“She was very influential throughout her career and to all generations due to a combination at the time of a fresh new look, sex appeal which revolutionised that era’s regular classical Italian mama. It was also down to her keen fashion sense. She had a clear view of style and fashion and this kept her current throughout the ages. 
“She found a look and stayed with it throughout her life. She was also recognised for the work she did as the third ambassador for UNICEF ‘ the twig people feel in love with on screen turned out to be what they expected – a beautiful oak tree’. With a pause ‘There is something real and honest about Audrey that caught the audiences eye and kept their attention’.
That still lives on today, with his mother’s face and voice attached to adverts, magazines and posters. He’s become attached to certain films for personal reasons. There is her debut musical film Funny Face (1957) was “terribly important” to her because she had always wanted to become a dancer, but had to give that up. Breakfast at Tiffany’s’and My Fair Lady are important to him for different reasons. One has aged well and the other hasn’t.
“I’ve that particular affection for those pieces and affection turns to loss of perspective as people say: ‘It must be so difficult for you to see your mother in films or up on a posters’ but I’ve learned to live with it even though she is no longer here. It becomes more difficult when I see her in ‘Always’ and that’s because she looks like the mother I  lost and like the person who died in my arms. So, I can’t call that an affection because it’s probably one of the rare times I have to connect with at a deeper level yet it’s a valuable piece of film historically for me because of that.”
Audrey was a goodwill ambassador for UNICEF, and was working in Somalia, caring for children in the war-ravaged country when she became ill. She got sick and what was thought to be a virus, picked up in Africa turned out to be cancer. It was inoperable. She died a few weeks later. Her name lives on in the memorial fund at UNICEF and the Audrey Hepburn children fund, both of which Sean created. After 20 years he stepped down as chairman and member of the board of the Audrey Hepburn children fund in favor of his brother and became the chair of the Audrey Hepburn society at UNICEF. It is what Sean describes as a ‘big donors club’ – essential to UNICEF which is entirely funded from voluntary donations — two thirds from government funding and a third from the private sector.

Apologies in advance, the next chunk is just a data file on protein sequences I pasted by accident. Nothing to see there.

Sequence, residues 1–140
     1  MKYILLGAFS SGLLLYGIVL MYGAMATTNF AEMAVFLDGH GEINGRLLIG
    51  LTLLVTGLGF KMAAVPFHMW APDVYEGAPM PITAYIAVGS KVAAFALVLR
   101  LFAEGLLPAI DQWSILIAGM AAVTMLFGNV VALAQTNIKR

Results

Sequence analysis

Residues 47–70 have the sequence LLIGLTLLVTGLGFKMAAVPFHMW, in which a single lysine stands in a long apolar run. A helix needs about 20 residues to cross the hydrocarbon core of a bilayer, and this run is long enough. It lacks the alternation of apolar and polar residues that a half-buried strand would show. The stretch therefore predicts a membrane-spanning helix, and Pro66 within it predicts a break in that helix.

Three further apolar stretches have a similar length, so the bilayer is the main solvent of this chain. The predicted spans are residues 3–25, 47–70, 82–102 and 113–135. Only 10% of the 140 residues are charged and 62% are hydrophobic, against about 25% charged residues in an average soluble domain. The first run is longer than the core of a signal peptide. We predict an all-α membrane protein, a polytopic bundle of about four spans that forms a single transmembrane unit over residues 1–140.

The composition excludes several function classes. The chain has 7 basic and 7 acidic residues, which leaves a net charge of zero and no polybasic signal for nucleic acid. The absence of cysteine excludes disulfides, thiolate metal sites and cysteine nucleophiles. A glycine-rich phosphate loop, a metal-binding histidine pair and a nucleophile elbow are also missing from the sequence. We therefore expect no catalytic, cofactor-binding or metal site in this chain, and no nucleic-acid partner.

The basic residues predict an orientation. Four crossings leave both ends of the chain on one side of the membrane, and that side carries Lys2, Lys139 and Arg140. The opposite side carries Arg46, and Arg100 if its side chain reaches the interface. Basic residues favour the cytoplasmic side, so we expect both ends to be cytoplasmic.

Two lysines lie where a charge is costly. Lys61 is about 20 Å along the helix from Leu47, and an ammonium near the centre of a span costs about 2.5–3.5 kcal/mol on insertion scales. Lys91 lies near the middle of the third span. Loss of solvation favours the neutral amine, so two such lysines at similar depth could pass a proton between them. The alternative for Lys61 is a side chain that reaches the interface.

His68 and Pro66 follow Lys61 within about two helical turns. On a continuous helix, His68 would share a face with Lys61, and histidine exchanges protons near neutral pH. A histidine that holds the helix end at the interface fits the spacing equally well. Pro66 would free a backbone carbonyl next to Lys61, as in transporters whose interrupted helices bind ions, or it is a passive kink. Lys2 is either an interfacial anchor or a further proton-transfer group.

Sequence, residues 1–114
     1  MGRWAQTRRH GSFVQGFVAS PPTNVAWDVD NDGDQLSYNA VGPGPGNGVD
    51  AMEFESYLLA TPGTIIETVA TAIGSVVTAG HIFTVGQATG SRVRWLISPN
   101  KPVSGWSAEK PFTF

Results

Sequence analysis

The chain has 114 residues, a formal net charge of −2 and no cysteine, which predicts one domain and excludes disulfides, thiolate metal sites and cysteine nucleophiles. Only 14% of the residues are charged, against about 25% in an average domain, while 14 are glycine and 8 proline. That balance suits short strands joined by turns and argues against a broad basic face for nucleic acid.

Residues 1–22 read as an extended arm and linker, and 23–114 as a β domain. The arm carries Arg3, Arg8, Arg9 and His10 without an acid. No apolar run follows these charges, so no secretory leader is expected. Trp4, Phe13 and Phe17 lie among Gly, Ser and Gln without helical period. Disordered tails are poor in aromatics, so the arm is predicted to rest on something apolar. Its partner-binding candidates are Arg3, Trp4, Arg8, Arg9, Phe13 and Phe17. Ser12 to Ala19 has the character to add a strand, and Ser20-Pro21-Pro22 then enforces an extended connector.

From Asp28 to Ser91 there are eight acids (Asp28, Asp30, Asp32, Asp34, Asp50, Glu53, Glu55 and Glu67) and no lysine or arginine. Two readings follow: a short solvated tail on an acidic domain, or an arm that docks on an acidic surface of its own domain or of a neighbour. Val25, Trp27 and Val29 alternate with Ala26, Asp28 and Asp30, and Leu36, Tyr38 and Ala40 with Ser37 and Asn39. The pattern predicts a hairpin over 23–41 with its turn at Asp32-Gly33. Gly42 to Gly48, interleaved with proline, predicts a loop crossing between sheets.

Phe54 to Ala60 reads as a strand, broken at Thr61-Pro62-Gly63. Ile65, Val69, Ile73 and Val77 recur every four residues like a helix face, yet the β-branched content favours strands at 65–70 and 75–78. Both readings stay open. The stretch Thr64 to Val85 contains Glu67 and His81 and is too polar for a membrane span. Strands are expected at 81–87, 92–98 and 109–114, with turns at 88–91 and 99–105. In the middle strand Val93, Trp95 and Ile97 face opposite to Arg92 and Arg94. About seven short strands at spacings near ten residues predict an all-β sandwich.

“There isn’t a line item budget in the UN budget for UNICEF. They were told after the war; yes you can stay but you have to raise your own funds. That’s why they have theses national NGO’s. There is basically only one UNICEF in New York and Geneva and all the others are NGO’s, licenced by UNICEF to fundraise. While they share a brand, they are technically doing two different things.
“So we are on our way to raising $100m, which is a drop in the bucket of the annual budget of $4 billion. It is itself about urgently a billion short considering all the devastation that has happened on a regular basis; Ebola, drought, tsunamis or earthquakes. Consider that in some cases organizations like UNICEF are keeping entire countries afloat. Yet if we all do our little piece it helps back to the thought where everyone takes responsibility. If everyone donated a dollar to our cause we could start to eradicate issues at a much greater rate than diluting our efforts.”
You can make that difference and donate to the UNICEF Appeal